Saturday, August 31, 2013

The Death of Professional Running

I woke up today to news that, effective immediately, Competitor Group International (CGI, owners of the Rock n Roll "race" series) have discontinued their support of elite athletes. This means there will be no appearance fees, no travel/lodging, and no prize purses (although the prize purse at Rock n Roll Philadelphia will be honored in two weeks).


As I had a lengthy day in the saddle, it allowed me some time to reflect (see also: become enraged) about this decision and its ultimate impact on our sport.

CGI is a business, and they made a business decision that the nearly half a million dollars (annual) that go to the elite athlete program could be better spent elsewhere. In order to present both sides of the argument, I'll start with a reality:

Most people don't sign up for a race because of which elite athlete(s) will be there. In fact, by the time most elite fields are announced and finalized, the bigger races in which they compete have been sold out for months (NYC, Boston, Chicago Marathons, to name a few). Is it cool to be on the start line next to or near the world's fastest runners? Sure. But most people choose races for myriad reasons other than which professional runner will be there.

CGI isn't the first to make this business decision. Just this past week it was announced (although generally known for the past few months) that Under Armour would no longer be the title sponsor of the Baltimore Marathon. I believe they waited until the race had filled up to a point where widespread panic wouldn't kill their registration numbers. Nothing about the race changes, Under Armour has very little to do with the actual logistics of the race. They sponsor the race t-shirts, and their sponsorship allowed for the $150,000 prize purse ($25,000 to M/F winner).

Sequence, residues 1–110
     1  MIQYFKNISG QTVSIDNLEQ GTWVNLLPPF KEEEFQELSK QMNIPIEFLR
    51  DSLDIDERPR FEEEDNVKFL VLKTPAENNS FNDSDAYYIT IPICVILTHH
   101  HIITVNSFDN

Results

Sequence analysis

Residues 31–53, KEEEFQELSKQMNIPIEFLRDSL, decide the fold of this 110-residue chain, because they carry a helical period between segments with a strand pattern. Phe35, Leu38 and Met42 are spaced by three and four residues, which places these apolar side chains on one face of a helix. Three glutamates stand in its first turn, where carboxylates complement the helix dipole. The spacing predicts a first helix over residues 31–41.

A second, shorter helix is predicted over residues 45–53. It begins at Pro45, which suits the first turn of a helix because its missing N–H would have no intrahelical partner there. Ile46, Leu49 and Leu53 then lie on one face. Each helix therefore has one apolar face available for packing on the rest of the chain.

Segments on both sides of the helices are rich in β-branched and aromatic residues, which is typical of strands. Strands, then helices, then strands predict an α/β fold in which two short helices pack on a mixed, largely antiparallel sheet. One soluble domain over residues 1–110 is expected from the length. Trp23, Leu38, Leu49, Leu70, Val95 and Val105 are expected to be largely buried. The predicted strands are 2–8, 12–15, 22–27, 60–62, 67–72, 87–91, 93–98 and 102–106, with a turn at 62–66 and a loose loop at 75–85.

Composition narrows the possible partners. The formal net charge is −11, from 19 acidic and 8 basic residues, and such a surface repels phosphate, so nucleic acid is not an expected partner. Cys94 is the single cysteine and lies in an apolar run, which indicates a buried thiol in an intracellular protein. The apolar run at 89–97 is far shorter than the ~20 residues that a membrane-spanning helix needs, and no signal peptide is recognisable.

What happens every year at Baltimore is that 10 African men and a handful of Russian and Ethiopian women come in, scoop up all the money, and leave. Besides reasonably quick times on a generally accepted slow course, they don't really bring any value to the race.

As an aside, I'd say my bigger issue with it is that Under Armour has, on two previous occasions, launched a running shoe line with little to no success. They're currently in their third iteration and desperately trying (or at least trying to seem like they're trying) to become a "running company." No longer sponsoring the biggest running event in their own city damages that credibility.

So what happened?

Wall Street happened, and if you bothered to watch the sequel, you'd know that Money Never Sleeps. Shareholders are the worst thing that could ever have happened to our sport.

I received an email this week from CGI (I deleted it without even reading it, naturally) but it had something to do with Port-a-Pottys. You can now pay a premium and have access to private (see: nicer) portable toilets prior to the race, with guaranteed shorter lines. The airlines loves this business tactic. Super cheap flights! Oh, you want food? Pay more. Oh, you want to board first and avoid the melee? Pay more. Oh, you want to fly a bike? Hand over your first born.

The sad thing is, there are people who pay for these services because they're willing to pay. And ultimately, in business, if there is a market, and demand, then it's foolish not to supply - and charge a premium.

In the end, 99% of the "competitors" won't notice the change. Probably because they'll be too busy playing with their headphones/iPhones during the race to notice (had to say it). But taking money away from the elites DOES have an impact, not just on the overall competitiveness of the race, but the entire sport.

The following is purely hypothetical, and is clearly embellished. But in its absurdity, and the current trend, who's to say it couldn't happen: